Local Employees, Local Pay?
William O’ Dell, vice president for human resources at LeBert Graphics (LG), a fast growing software development firm headquartered in Boston’s Route 128 technology belt, was visiting the firm’s first overseas subsidiary, LeBert Graphics Bangalore Ltd. (LGB). The visit had been going well, but a recent lunch with his good friend Ashok Rao had left him troubled. Rao was one of many Indian expatriates who had migrated to the United States in the 1980s. He had been with LG for a number of years and had recently accepted an assignment to return to his hometown to head the firm’s new development lab. O’Dell was thankful to have him there, not just because of his development skills, but because he hoped Rao would serve as a cultural broker between the headquarters and the local employees.
During lunch, Rao noted how the city had changed. Rao had first decided not to return to Bangalore after college in the United States because of the lack of opportunities here Now the city was booming, and computer software was the driving force. Neighbors in the Technology Park where LG was located included Siemens Components and Hitachi Asia. The nature of the industry had changed too. Initially, foreign firms had employed Indian workers for basic programming. Although cheap, these employees did not always have the training or skill levels seen in their American counterparts. There were still large pools of these competent, but not exceptional employees. However, while recruiting for the new operations, he found many of the applicants had technical skills that would equal those of any of the Boston staff. These were the employees they needed for the software development operations.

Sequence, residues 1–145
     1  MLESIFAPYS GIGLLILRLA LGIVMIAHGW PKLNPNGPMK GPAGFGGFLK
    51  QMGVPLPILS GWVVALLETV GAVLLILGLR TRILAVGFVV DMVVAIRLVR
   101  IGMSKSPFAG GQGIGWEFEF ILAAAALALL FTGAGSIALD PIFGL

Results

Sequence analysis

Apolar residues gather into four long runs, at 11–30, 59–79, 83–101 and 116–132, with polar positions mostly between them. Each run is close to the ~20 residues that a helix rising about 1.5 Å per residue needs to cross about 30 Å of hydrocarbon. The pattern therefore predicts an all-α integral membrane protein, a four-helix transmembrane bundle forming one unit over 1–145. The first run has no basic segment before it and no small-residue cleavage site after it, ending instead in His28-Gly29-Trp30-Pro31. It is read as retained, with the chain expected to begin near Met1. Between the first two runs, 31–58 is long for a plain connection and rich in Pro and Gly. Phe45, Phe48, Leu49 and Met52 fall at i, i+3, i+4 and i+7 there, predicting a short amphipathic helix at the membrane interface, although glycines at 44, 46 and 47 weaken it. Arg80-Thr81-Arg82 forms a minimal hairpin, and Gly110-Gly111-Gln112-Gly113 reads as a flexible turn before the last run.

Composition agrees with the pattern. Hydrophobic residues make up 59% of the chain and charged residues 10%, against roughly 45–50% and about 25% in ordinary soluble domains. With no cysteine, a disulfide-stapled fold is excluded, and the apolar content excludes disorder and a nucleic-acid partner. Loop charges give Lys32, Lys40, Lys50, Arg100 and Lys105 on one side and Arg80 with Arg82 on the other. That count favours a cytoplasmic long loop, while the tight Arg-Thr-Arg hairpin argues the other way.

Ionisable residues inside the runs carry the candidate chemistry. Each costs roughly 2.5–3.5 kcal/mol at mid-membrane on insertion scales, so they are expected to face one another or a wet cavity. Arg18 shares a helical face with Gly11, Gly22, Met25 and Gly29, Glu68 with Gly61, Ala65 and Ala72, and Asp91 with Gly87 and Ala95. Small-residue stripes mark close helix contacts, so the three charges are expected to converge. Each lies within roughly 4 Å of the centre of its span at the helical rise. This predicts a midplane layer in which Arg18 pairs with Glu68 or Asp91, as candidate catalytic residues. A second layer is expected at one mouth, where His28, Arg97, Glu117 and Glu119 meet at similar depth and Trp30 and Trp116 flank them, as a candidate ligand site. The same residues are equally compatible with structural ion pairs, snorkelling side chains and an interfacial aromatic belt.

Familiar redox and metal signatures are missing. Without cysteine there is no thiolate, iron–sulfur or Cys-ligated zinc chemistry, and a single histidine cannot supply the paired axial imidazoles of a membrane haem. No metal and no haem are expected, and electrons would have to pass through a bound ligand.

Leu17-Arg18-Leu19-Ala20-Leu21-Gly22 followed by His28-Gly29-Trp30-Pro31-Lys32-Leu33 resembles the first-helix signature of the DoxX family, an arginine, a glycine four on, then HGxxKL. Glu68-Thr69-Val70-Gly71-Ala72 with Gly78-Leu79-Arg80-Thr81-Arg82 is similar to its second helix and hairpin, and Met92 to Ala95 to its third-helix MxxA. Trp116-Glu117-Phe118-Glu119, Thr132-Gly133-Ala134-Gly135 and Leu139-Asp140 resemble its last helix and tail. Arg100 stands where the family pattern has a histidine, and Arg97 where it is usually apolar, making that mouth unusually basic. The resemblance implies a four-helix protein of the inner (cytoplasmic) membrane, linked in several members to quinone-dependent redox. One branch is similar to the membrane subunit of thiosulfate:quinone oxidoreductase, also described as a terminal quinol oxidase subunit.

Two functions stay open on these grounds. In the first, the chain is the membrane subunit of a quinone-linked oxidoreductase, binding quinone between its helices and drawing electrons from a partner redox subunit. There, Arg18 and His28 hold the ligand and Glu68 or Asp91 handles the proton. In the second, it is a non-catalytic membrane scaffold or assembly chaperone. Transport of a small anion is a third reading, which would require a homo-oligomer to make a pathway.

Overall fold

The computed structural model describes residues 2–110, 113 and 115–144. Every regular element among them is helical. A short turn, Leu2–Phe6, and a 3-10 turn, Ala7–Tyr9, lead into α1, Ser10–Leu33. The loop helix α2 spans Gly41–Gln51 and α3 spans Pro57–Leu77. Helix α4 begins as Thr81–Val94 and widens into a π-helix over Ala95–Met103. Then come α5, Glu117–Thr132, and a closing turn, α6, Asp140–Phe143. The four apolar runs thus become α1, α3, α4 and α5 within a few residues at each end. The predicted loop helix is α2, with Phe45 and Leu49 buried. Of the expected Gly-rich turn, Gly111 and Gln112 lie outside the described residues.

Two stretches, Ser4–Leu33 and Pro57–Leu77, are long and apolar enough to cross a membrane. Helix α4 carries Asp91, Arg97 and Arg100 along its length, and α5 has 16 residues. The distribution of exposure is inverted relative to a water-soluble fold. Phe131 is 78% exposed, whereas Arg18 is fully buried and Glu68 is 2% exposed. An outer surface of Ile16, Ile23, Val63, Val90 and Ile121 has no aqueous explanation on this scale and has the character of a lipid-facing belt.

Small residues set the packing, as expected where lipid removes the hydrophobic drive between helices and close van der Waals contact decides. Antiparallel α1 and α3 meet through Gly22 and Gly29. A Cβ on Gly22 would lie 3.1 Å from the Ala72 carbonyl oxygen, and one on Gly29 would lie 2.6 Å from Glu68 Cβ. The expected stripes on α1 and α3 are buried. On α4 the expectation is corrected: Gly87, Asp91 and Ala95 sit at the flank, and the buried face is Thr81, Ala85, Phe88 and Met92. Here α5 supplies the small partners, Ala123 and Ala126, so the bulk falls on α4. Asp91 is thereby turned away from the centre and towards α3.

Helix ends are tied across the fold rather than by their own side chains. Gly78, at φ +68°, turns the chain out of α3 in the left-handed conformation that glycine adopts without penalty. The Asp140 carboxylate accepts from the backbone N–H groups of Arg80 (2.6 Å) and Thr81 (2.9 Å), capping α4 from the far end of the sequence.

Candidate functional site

The labor market had changed in other ways too. Today, the best of these software engineers had more options. Because of a worldwide shortage, a host of firms were looking for skilled engineers. An engineer could work for the local operations of a...
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